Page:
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Why Dr Steve Portugal is going cuckoo for eggs this Easter...

Posted on 12/04/2017

A selection of bird eggs photographed by G. Maurer

You might want to be extra careful this Easter when choosing your chocolate treats as it appears that imposter eggs are afoot...

But fear not! Dr Steve Portugal from the School of Biological Sciences is on the case, cracking the mysteries of how cuckoos get away with hiding their eggs in other bird's nests.

The cunning cuckoos' camouflage eggs

Cuckoos are canny when it comes to parenting, laying their eggs in other birds' nests for them to raise. This remarkable tactic leaves host birds to feed and parent young cuckoos, often to the detriment of their own children. The sneaky cuckoo will often forcibly evict his adopted brothers and sisters from the nest to take advantage of the unknowing parent.

To understand more about these fascinating imposter-chicks, Dr Portugal's project investigates the physiology, energetics and morphology of cuckoo embryonic development, particularly in comparison to their hosts.

Freaks of the animal kingdom

"People have been fascinated by the ability of cuckoos to mimic the egg patterning of their hosts for centuries. I am interested in what makes the embryo developing inside the cuckoo egg so special. Upon hatching, the recently hatched cuckoo chick begins to evict the eggs and chicks of the host species, showing incredible strength for an altricial chick," said Dr Portugal.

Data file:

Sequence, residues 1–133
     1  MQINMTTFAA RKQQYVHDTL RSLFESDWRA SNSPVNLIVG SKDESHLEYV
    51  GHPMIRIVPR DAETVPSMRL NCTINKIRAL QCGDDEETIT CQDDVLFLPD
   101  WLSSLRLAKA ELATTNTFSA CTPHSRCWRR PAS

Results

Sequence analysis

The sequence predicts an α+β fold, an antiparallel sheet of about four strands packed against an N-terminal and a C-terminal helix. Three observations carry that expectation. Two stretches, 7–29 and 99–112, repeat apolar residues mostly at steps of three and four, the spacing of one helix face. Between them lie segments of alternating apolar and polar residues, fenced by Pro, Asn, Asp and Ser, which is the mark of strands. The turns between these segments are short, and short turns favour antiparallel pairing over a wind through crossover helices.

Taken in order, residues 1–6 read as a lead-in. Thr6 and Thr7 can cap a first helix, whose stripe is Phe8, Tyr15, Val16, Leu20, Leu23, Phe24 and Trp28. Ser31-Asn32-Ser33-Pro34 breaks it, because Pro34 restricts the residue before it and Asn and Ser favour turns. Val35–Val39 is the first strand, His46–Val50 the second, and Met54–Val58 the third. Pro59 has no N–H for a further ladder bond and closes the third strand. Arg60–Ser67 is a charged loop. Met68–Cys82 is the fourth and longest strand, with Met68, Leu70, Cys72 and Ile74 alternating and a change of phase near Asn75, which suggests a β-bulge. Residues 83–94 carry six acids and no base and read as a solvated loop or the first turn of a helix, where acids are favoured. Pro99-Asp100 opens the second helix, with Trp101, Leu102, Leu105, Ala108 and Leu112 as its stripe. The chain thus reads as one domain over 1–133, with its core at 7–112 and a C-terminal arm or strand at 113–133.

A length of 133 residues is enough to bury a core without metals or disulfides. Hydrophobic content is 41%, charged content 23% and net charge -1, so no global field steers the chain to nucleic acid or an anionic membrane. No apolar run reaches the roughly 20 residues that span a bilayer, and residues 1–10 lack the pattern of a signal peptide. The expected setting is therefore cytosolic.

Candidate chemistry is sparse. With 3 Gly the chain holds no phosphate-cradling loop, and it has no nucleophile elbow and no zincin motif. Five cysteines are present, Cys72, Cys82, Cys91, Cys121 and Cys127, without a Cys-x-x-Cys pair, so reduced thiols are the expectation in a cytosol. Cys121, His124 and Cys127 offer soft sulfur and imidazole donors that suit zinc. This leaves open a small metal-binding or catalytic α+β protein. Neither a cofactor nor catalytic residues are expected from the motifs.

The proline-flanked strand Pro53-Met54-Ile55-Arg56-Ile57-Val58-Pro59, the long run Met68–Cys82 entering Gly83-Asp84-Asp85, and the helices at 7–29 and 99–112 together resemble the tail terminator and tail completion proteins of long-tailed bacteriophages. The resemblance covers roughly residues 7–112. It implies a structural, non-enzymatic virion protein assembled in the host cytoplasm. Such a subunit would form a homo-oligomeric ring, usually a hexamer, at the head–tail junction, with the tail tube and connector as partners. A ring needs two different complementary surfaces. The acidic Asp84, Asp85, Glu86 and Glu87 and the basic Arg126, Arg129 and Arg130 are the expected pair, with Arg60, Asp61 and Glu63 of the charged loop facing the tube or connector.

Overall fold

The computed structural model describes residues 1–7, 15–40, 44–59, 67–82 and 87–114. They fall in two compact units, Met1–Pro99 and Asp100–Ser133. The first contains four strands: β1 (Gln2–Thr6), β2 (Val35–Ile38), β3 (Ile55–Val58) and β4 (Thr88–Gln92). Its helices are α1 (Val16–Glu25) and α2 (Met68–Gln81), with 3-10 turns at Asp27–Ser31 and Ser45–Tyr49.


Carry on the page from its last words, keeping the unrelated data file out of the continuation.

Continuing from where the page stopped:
With fieldwork in Panama, Czech Republic, Australia and the USA the project will answer how eggshells of different species are adapted to their specific nest environment, both in structure, colour and physiology. Keep up to date with his work on his blog.

"I’m interested in the freaks of the animal kingdom, particularly animals that have slightly strange ways of getting about or getting their food," Dr Portugal commented.

Happy Easter everyone

So when tucking into your Easter treats this weekend, you might want to check that yours hasn't been infiltrated by a cunning cuckoo hungry for your share of treats!

Read more about Dr Portugal's freaky animals on The Conversation or learn more about studying with experts in the School of Biological Sciences.



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